Jamie P. Merisotis, President, Lumina Foundation
State of the Union address, 2012
On Tuesday, Jan. 24, President Barack Obama took note of the need to reduce the cost of higher education to assure that Americans continue to have access to the educational opportunities they need to succeed and contribute to the strengthening of our nation. As the President indicated, higher education is an economic imperative. Jobs that require skills and knowledge that can only be obtained through postsecondary education, including a growing number of advanced manufacturing jobs, are growing much faster than those that don’t.
The Georgetown University Center on Education and the Workforce estimates that by 2018 more than 60% of American jobs will require some form of postsecondary education, including a growing number of jobs demanding skills and knowledge that can best be developed in community colleges. This trend toward increasing skills is worldwide, and many of our economic competitors are responding by increasing higher education attainment rates to levels well above ours. Lumina Foundation believes that 60% of Americans will need a high-quality postsecondary degree or credential by 2025 for the U.S. to remain economically competitive. Yet the current economic climate has made the growing cost of college a significant barrier for many Americans. The future of our economy depends on finding ways to make higher education accessible and affordable.
The only real way to increase the numbers of highly qualified college graduates to the levels we need is to redesign key components of our higher education system to make it more productive.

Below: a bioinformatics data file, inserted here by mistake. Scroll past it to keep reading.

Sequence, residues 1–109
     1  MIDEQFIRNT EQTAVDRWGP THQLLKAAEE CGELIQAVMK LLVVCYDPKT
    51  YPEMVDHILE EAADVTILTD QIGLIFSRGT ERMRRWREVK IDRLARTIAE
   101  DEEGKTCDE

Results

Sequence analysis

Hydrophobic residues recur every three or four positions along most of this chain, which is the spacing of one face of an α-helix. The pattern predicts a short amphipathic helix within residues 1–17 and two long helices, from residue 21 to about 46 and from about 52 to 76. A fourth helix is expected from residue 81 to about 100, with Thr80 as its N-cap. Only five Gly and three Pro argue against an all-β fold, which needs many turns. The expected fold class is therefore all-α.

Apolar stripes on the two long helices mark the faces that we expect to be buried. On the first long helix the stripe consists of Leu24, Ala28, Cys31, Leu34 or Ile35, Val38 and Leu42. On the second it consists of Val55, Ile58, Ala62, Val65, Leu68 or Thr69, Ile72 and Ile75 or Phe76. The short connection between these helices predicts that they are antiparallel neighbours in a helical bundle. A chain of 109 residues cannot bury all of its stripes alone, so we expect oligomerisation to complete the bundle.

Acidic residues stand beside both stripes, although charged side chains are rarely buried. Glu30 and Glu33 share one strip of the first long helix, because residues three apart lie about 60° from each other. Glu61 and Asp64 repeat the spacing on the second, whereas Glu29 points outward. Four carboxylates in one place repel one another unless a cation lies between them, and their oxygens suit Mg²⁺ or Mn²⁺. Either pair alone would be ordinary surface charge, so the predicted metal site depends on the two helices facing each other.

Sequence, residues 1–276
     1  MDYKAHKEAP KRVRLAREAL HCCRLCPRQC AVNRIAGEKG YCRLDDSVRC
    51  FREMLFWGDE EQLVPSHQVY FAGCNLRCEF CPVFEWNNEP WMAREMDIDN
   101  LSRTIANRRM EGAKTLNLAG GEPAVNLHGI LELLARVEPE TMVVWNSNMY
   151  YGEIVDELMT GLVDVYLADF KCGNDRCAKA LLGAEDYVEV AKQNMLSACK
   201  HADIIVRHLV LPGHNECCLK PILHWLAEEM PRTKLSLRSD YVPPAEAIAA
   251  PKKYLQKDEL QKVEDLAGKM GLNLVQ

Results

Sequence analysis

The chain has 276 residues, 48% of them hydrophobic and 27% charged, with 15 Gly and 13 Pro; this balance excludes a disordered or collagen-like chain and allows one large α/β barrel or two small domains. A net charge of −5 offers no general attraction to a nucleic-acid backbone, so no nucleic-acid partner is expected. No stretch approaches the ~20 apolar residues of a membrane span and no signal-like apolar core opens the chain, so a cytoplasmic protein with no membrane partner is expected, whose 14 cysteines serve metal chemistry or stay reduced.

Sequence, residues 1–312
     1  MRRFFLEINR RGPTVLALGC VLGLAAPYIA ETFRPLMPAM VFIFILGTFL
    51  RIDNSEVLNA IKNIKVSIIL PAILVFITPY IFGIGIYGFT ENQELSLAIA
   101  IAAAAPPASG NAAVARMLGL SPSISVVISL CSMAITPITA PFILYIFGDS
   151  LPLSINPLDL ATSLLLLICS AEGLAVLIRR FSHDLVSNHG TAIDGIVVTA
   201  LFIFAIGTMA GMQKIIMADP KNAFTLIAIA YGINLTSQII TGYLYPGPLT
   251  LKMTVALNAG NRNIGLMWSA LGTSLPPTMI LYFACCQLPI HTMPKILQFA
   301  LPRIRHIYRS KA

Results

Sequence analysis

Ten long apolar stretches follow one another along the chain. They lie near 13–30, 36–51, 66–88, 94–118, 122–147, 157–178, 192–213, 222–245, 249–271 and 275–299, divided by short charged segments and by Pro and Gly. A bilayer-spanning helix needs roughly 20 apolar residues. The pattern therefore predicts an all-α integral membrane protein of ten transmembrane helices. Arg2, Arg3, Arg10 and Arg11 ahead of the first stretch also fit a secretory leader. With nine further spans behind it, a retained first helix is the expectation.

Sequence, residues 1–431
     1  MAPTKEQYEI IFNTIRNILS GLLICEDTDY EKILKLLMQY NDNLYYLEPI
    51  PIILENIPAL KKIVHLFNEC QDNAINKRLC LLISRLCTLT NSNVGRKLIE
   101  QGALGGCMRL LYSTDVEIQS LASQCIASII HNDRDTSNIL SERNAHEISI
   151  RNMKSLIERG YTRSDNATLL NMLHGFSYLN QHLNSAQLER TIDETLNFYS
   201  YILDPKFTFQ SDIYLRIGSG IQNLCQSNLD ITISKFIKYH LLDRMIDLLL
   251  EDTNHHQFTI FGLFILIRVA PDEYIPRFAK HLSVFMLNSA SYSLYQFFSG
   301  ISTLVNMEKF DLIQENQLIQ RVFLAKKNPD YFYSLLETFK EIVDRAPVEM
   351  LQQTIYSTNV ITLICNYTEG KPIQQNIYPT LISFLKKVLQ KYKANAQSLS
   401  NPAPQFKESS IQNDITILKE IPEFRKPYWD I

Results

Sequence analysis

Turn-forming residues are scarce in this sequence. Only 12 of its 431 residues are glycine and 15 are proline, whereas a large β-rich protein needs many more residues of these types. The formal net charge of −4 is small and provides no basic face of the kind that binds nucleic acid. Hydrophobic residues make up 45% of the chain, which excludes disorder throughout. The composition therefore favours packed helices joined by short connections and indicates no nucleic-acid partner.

The nation must both reduce the cost of college and increase the number of students who succeed in postsecondary education. The only real way to increase the numbers of highly qualified college graduates to the levels we need is to redesign key components of our higher education system to make it more productive. As the President noted, there is much that can be done to lower costs while maintaining or improving quality. For example, Carnegie Mellon University’s Open Learning Initiative offers redesigned general education courses which can be completed much faster than traditional courses, with the same or better student performance. We are finding that more and more state and campus leaders are willing to confront the core assumptions of how higher education is structured, funded, and delivered. But we are on the cusp of a fundamental change—the shift away from a system based on time to one based on learning. In a knowledge-based economy, degrees and other credentials must represent real skills and knowledge, not the amount of time a student has spent sitting in a classroom. Degrees and credentials should also recognize skills and knowledge however or wherever they are obtained, including through workforce development programs and higher education. A new partnership including the public, private and social sectors is required to build a system of higher education capable of meeting the growing need for skills and knowledge to lead in the 21st century. We at Lumina are committed to enabling this critical shift to a learning-centered system. Our country’s future depends on it.